Figure 1: Radiograph of an analog camera: by neutrons (top) by X-rays (bottom). While X-rays are attenuated more effectively by heavier materials like metals, neutrons make it possible to image some light materials such as hydrogenous substances with high contrast: in the X-ray image, the metal parts of the photo apparatus are seen clearly, while the neutron radiograph shows details of the plastic parts.
Neutron Imaging (NI) is a radiographic testing method using neutrons. As such it is quite similar to X-ray, which is well known from medical applications. Neutrons are able to transmit material layers of certain thickness which depends on the specific attenuation properties of that material. This enables to establish neutron imaging as a non-destructive inspection method which can favorably be applied for research and practical, industrial related problems. A similarity and complementarities to the conventional X-ray imaging are given. Because different materials have different attenuation behaviour the neutron beam passing through a sample can be interpreted as signal carrying information about the composition and structure of the sample.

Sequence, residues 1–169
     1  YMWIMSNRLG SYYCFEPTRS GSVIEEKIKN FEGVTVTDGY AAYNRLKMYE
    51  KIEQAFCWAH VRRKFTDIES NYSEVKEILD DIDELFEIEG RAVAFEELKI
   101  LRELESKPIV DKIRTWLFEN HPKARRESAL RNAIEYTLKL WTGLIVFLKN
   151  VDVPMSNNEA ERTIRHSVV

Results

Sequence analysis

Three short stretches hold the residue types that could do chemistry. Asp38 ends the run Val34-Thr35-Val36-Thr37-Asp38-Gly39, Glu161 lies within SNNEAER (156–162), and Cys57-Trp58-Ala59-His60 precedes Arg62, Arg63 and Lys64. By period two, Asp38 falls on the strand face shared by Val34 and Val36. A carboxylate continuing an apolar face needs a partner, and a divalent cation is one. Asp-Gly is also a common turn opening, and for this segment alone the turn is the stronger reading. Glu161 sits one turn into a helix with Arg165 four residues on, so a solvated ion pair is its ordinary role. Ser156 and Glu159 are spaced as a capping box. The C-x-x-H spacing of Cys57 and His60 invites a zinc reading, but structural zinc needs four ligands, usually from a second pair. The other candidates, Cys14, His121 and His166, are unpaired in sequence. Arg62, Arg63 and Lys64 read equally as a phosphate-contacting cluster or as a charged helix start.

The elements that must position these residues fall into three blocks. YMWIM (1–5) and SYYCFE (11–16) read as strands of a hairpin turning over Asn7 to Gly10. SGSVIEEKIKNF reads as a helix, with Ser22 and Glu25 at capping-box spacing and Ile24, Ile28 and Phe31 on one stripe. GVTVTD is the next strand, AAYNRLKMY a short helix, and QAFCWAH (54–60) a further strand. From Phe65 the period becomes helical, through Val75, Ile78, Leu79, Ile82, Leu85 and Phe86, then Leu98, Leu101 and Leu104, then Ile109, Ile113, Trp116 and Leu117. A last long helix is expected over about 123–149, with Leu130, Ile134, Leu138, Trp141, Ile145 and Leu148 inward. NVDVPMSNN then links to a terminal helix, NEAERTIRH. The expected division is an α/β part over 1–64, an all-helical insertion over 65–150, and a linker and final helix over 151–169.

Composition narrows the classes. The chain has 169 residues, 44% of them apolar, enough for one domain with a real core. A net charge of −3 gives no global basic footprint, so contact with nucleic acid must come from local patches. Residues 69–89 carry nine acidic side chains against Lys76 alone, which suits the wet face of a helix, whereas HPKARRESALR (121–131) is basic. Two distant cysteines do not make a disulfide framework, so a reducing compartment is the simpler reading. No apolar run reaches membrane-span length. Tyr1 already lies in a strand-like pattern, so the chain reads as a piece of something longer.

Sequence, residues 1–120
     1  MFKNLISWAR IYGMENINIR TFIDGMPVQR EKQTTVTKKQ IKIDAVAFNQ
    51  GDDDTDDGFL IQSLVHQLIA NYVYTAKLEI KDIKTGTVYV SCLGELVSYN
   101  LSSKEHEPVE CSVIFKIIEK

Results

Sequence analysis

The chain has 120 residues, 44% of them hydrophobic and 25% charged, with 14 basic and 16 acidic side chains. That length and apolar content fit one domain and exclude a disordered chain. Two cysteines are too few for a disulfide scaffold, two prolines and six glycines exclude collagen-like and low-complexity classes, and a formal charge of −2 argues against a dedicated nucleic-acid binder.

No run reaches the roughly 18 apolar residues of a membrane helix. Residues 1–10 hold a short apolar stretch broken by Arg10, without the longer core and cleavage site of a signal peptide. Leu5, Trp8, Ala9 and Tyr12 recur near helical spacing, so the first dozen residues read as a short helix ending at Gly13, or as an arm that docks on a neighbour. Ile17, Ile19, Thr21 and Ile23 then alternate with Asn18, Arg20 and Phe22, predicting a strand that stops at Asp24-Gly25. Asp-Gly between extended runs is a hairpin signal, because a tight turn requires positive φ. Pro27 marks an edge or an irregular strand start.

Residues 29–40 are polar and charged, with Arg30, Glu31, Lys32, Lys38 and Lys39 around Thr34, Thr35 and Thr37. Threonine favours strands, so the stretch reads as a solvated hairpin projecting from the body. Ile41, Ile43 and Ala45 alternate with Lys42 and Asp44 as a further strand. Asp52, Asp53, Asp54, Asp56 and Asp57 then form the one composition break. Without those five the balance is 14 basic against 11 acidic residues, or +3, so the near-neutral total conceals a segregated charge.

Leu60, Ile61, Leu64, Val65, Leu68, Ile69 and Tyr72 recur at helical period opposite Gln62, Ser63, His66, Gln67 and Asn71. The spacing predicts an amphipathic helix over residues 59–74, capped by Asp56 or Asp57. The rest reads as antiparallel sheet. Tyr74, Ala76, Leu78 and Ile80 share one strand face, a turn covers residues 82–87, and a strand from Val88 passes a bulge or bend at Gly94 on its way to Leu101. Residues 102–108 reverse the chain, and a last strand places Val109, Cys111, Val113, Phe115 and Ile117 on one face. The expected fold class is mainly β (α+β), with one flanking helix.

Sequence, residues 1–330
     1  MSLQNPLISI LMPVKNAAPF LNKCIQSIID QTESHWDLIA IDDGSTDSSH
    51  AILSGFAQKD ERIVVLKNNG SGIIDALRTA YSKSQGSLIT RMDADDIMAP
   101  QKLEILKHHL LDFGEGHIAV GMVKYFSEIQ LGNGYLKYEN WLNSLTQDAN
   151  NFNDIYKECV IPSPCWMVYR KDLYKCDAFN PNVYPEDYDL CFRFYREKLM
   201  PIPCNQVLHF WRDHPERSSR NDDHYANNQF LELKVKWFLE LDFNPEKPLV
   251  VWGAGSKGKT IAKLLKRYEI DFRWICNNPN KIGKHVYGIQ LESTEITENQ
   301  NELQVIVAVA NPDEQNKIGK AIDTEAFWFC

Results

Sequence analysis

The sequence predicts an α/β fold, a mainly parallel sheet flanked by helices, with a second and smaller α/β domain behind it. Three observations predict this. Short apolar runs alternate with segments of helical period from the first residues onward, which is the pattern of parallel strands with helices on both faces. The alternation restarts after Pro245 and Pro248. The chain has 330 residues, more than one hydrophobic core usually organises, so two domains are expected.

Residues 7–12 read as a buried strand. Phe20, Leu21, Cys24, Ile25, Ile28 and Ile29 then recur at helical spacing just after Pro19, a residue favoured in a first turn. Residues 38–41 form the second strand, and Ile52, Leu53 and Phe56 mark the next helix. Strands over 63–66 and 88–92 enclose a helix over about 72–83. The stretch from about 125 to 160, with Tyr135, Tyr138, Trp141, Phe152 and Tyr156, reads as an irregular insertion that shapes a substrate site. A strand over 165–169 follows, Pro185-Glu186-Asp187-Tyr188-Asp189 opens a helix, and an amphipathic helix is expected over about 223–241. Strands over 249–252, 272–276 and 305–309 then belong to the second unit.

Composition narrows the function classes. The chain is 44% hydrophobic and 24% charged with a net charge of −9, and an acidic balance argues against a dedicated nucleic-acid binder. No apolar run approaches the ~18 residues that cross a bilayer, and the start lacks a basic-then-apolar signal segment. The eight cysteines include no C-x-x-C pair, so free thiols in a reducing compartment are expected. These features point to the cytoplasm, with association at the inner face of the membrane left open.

Learn more about neutron imaging from the PSI Neutron Imaging Brochure or from the sections: